Swedish Government’s review of the 3:12 rules published

by Felicia Johansson, Victor Elovsson and Ebba Perman Borg


Building with man on bridge. Photo.

In May 2022, the Swedish Government constituted a committee with the objective of investigating the so-called 3:12 rules regarding dividends and capital gains on shares in close companies (Sw. fåmansbolag). The objective was to identify ways to simplify the rules. On 3 July 2024, the review (SOU 2024:36) was published, containing several proposals for simplifications and improvements to the current regulations.


The rules on the taxation of close companies were introduced in connection with the 1990/91 tax reform with the aim of discouraging income conversion. Since their inception, the rules have undergone several amendments, including the introduction of the simplification rule (Sw. förenklingsregeln) in the 2006 reform, and the introduction of a capital share requirement and a limitation on the salary-based flexibility to a maximum of 50 times the cash remuneration of the company or a related party per year in 2014. The 3:12 rules also work to encourage business and entrepreneurial activity.

The rules comprise two distinct categories: calculation rules and qualification rules. The former determine whether the income is taxed as salary income or capital income, while the latter specify which partners are subject to the special tax rules. The committee's objective has been to examine the potential for simplifying the 3:12 rules and to explore the possibility of modifying the rules in a way that would further encourage entrepreneurship, particularly among small and medium-sized enterprises.

Simplified calculation rules

In its report, the committee proposes a new model for calculating the threshold amount. This implies that the current simplification rule and main rule are merged into a single rule. Furthermore, the standard amount per company is proposed to be increased, the salary withdrawal requirement and capital share requirement are to be abolished and replaced by a standardised salary deduction, and all partners in close companies who employ staff will be able to take into account salary data in the company.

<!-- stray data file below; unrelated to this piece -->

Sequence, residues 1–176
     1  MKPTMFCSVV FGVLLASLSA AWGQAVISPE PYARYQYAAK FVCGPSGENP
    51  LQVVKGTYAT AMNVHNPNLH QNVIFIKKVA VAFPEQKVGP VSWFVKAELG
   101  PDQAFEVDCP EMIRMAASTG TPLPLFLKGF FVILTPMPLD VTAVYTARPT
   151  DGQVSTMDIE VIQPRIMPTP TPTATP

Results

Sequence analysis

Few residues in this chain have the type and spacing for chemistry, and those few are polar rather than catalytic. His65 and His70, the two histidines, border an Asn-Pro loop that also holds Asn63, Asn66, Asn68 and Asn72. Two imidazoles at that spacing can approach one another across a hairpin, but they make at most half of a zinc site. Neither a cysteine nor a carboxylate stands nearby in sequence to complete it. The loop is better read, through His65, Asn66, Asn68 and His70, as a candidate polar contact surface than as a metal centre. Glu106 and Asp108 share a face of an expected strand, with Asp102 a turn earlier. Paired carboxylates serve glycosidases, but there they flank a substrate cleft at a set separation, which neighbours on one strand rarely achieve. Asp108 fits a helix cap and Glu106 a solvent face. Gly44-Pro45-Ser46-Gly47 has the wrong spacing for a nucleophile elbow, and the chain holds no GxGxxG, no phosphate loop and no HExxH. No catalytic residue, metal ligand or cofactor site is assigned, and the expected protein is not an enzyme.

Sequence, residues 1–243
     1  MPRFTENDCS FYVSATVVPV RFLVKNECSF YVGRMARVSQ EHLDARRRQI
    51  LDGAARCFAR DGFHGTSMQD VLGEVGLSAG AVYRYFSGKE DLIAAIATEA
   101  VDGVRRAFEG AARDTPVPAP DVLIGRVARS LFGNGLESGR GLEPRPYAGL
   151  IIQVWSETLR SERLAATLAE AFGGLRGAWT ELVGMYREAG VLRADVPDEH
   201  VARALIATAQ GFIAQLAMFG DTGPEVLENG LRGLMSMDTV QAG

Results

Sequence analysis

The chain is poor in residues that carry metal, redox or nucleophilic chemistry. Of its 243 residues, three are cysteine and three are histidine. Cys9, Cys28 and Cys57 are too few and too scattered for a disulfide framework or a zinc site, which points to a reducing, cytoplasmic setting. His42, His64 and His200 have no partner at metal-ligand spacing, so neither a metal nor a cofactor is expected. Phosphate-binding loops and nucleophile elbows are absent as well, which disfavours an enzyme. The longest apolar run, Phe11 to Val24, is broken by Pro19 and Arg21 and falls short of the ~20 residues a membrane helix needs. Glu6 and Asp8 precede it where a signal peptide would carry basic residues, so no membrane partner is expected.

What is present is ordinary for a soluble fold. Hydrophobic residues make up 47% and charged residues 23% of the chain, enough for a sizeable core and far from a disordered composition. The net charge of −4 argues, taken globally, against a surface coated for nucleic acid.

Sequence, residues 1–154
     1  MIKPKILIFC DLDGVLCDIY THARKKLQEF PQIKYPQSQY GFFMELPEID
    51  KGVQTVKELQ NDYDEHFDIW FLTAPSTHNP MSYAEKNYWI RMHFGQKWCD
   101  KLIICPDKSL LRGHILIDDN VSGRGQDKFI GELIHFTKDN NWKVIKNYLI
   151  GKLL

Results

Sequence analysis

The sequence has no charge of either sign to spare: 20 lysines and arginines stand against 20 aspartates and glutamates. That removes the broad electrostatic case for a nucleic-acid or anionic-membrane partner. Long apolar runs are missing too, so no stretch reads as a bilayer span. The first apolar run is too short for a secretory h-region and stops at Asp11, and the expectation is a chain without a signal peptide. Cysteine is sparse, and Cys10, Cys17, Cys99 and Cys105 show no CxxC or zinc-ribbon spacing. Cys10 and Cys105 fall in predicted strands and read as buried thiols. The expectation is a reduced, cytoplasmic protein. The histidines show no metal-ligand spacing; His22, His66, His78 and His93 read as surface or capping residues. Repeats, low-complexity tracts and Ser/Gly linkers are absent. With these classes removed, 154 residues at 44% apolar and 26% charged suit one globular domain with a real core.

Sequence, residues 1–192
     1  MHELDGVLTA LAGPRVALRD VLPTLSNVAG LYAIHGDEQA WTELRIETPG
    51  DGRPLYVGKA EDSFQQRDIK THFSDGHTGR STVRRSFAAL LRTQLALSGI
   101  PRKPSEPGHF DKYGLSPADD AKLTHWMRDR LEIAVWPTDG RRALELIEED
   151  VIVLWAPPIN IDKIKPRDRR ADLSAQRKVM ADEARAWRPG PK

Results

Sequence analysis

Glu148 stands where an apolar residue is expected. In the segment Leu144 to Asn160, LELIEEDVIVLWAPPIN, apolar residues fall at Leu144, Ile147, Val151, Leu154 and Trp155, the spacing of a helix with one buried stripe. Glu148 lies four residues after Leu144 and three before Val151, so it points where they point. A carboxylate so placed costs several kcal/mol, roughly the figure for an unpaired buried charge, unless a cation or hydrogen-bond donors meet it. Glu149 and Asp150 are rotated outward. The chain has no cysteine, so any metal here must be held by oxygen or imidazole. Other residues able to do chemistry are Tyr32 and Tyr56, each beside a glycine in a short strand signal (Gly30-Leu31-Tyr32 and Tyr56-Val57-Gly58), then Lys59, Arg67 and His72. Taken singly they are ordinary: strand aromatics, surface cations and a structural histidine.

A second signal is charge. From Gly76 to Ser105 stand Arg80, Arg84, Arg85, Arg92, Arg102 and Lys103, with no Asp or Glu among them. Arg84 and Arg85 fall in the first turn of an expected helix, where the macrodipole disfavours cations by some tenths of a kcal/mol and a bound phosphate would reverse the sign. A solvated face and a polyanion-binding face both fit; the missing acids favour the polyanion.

The purpose of the proposed changes is to implement more straightforward and uniform calculation rules, facilitate automation, and benefit companies that hire personnel.

A common maximum amount for taxation of dividends and capital gains

The committee proposes that the current two maximum amounts for dividends and capital gains to be taxed at progressive tax rates are merged into a single maximum amount corresponding to 90 income base amounts, which will apply to the tax year and the two preceding tax years.

A narrower definition of related parties

The committee further proposes a narrower concept of related parties in the context of the rules on close companies. This implies that siblings will no longer be considered related parties for the purposes of the rules. The purpose is to make the rules more predictable by reducing the number of related parties to be considered in comparison to the current regulations.

Shorter time limits and the codification of the third-party rule

The proposal reduces the duration of several time limits by one year (from five to four years), which affects assessments in most parts of the regulatory framework. Furthermore, it is proposed that the requirement of 30% outside ownership in the third-party rule be codified in the legal text.

Next steps

In accordance with the committee's proposal, the new regulations are scheduled to take effect on 1 January 2026. The committee's proposal will now be prepared in the Government Offices.

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